Here's a rare treat. It's a wholecloth quilt, made in France, most likely Rouen, in the late 18th century. The fabric is a block printed indigo resist with incredible picotage detail. Picotage, also known as pinning, allowed wood carvers to incorporate very fine dots in a block print, which could not be achieved with carving, by studding the block with brass pins.

This detail view shows the incredible early picotage (click to enlarge)
There is another quilt made with the same fabric, on display not long ago at the Museum of Printed Textiles in France. The quilt is smaller, and the block design is not as carefully aligned as it is in my quilt. But it is the exact same fabric. That is why I believe my quilt is also from Rouen. To view the other quilt, click here.

reverse detail with multicolor print and distinctive quilting design
The things that really told me this quilt was French were the reverse fabric and quilting design. It's actually a reversible quilt, with multicolor flower basket print, or panier de fleurs, as my Facebook friend Sandra Starley would say. The quilting design is very much in keeping with the French quilts of the period, and includes parallel line quilting along the borders, winding cable with parallel rows, and double-line diamond grid lattice in the center.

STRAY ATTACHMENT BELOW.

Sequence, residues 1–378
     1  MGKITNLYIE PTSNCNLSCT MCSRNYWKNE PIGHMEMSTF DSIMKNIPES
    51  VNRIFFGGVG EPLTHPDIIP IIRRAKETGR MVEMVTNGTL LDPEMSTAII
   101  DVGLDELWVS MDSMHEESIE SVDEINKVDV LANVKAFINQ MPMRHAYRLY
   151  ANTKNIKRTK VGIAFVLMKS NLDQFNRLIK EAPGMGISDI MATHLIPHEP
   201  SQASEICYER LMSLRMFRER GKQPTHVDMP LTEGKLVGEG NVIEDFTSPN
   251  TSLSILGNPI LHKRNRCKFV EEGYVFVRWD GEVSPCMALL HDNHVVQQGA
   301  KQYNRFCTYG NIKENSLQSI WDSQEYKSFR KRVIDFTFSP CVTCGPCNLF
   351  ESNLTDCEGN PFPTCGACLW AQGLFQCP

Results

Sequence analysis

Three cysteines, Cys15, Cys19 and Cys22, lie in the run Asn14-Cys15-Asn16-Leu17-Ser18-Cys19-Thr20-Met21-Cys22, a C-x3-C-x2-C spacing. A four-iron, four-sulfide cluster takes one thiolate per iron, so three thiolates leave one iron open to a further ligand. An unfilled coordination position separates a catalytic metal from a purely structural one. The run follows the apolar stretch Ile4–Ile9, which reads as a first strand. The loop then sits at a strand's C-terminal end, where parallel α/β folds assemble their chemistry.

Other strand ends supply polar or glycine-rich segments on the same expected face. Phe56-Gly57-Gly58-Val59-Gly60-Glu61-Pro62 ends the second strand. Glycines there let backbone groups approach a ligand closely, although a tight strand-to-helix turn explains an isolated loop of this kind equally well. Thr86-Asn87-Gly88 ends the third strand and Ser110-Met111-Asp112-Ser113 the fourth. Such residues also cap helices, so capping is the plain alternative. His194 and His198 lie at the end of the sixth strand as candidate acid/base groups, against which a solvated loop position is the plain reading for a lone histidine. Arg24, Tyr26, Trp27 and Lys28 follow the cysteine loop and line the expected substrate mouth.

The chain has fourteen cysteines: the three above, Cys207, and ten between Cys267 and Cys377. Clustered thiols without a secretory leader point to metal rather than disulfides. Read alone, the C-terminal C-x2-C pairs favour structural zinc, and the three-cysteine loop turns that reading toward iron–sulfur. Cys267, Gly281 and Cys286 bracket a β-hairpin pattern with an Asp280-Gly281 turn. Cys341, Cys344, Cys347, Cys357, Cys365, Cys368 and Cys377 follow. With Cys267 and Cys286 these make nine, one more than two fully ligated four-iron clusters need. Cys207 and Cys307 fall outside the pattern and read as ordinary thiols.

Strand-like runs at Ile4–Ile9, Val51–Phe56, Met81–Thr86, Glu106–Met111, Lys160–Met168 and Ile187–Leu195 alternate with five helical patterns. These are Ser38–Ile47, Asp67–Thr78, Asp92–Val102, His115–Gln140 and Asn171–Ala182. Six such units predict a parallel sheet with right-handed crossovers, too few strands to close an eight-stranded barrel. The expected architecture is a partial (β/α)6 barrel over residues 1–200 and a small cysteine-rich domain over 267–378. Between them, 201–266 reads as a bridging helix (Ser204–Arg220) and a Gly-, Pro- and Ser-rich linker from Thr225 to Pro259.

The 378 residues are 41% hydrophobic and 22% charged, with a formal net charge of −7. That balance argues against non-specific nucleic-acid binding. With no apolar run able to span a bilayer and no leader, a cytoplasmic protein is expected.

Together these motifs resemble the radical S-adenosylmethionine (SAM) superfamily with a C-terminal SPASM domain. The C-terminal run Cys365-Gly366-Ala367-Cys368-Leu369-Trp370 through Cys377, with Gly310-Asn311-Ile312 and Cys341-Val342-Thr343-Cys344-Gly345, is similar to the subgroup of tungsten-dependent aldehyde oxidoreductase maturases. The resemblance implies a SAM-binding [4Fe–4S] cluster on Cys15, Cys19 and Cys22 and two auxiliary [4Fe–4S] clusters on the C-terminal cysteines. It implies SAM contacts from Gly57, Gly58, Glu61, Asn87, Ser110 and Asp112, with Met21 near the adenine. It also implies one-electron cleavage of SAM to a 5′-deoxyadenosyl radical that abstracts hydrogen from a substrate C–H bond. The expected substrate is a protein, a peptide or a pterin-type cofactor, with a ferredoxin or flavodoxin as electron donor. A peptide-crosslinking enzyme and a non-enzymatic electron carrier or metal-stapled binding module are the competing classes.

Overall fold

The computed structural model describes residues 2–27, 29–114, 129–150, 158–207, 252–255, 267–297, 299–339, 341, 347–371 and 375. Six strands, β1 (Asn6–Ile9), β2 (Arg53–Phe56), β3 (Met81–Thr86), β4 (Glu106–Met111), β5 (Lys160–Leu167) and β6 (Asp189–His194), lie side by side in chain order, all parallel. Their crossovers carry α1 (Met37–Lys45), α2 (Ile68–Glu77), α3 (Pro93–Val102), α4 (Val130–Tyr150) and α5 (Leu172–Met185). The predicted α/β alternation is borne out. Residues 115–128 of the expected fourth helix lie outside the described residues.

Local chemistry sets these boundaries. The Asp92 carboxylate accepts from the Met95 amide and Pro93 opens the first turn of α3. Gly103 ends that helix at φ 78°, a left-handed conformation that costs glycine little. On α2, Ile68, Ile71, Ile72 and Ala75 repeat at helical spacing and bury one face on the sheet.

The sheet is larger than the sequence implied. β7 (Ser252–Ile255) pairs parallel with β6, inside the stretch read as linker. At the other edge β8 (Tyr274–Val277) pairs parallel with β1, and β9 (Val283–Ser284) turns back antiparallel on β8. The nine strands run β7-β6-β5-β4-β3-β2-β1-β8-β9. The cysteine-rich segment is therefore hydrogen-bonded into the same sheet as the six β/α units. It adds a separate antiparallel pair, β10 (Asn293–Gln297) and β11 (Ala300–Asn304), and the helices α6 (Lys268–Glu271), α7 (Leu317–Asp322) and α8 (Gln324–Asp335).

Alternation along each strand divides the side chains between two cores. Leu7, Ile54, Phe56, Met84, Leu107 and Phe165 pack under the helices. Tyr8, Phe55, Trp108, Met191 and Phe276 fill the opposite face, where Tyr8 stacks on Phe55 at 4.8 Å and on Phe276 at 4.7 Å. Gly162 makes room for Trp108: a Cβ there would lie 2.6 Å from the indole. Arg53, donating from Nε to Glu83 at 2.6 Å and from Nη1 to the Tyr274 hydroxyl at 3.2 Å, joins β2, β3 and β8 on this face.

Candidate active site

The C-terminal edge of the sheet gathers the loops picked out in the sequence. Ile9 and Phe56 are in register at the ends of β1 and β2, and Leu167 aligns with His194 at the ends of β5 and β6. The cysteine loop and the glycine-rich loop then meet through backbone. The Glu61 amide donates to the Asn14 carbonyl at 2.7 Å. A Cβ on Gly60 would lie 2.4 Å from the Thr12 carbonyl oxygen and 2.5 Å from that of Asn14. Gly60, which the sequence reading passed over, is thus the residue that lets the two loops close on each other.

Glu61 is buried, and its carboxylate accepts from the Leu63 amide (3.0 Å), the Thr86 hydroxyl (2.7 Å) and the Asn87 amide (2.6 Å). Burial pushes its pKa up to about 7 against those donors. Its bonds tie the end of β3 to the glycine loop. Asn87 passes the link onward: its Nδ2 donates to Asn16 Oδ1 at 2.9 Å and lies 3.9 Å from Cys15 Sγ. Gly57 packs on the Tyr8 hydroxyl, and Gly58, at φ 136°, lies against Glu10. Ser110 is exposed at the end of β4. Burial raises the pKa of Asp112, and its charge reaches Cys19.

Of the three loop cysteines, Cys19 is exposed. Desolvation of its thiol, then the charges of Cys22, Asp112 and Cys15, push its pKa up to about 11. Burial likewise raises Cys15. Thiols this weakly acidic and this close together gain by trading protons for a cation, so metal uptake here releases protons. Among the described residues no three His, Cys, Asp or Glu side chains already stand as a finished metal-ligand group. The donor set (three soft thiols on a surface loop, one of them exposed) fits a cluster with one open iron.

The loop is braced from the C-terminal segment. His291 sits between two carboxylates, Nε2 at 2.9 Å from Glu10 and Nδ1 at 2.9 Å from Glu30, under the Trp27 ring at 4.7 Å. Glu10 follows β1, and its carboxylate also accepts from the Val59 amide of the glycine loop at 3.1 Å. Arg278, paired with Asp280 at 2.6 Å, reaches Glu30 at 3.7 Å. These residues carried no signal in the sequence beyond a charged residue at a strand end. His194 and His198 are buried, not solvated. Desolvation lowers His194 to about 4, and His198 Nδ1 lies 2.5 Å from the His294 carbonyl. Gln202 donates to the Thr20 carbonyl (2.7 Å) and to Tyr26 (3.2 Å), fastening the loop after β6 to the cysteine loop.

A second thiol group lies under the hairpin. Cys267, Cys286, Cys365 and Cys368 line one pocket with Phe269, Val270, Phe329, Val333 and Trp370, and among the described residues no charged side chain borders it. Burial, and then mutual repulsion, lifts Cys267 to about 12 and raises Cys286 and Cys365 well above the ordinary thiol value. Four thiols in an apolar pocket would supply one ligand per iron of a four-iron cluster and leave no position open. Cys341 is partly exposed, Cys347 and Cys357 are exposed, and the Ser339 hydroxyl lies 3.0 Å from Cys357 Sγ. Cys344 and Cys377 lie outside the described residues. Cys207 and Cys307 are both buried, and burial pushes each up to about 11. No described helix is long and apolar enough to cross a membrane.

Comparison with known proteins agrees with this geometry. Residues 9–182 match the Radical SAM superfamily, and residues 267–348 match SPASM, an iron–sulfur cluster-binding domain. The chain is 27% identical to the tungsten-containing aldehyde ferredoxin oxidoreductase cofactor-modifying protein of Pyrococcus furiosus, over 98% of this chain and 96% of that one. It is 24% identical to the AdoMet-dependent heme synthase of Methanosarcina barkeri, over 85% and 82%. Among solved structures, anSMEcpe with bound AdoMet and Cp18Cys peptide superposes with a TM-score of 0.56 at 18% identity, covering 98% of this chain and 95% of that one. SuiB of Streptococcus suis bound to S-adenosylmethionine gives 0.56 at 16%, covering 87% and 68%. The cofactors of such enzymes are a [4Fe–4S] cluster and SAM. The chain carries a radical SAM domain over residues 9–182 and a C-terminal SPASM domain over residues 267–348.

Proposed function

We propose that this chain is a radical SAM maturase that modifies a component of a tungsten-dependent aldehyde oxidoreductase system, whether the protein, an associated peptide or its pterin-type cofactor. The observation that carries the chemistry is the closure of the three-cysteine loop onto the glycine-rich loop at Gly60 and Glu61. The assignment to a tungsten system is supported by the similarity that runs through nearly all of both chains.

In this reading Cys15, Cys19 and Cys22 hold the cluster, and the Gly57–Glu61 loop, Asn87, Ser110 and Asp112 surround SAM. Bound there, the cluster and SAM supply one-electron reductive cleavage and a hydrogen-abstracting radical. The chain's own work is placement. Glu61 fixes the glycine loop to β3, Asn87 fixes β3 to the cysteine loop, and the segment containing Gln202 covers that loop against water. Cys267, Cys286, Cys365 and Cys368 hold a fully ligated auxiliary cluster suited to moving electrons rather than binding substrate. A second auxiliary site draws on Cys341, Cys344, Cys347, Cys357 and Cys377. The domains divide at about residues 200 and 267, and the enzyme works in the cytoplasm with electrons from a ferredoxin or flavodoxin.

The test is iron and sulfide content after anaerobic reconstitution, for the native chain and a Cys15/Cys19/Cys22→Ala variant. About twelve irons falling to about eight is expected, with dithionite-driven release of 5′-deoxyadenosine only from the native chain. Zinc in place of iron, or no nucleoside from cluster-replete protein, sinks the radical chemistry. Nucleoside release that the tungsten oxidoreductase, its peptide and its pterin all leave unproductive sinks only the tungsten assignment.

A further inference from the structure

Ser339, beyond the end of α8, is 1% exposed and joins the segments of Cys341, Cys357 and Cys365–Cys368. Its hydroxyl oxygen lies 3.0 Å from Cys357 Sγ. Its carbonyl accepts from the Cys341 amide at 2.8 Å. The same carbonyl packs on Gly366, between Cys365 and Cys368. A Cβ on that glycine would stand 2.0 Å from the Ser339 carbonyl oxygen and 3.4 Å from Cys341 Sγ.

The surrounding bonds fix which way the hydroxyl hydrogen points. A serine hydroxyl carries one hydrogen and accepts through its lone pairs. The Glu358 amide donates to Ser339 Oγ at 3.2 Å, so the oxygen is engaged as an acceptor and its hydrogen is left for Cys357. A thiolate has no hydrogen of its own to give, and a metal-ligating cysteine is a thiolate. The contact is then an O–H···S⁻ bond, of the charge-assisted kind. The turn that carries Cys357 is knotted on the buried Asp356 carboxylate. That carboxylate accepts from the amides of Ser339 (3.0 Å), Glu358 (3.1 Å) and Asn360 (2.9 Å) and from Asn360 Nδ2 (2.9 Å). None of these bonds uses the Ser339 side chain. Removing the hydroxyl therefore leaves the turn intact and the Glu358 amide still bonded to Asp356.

Thursday, March 8, 2012

Masterpiece Quilts Lecture in Newport

Diamonds, c. 1890 - all silk!
Today, I was in Newport, Oregon doing a lecture for the Oregon Coastal Quilters Guild. It was my second visit to the guild, and this time I did the Masterpiece Quilts lecture. Couldn't decide what to bring, so I showed ten quilts, and probably sounded like a fast-talking auctioneer at points.

Wholecloth Linsey Woolsey Quilt, pre 1800, New England
Economy Block, c, 1810, New England
I started with two very old wool quilts- the Wholecloth and the Economy Block, both from New England. The Wholecloth served as an example of masterful, decorative quilting, and the Economy Block suitably demonstrated the strong, modern looking graphic design seen in early pieced quilts.

Album with Lyre, c. 1850, Mary Couchman Small, WV
We then jumped ahead to the mid-19th century and I told the story of Mary Couchman Small's Album with Lyre. I also showed two "New York Beauties"from Kentucky. Earlier, during the announcements, I shared some news about another New York Beauty, which I also showed. That quilt will be exhibited and possibly published later this year. More news to follow at a later date.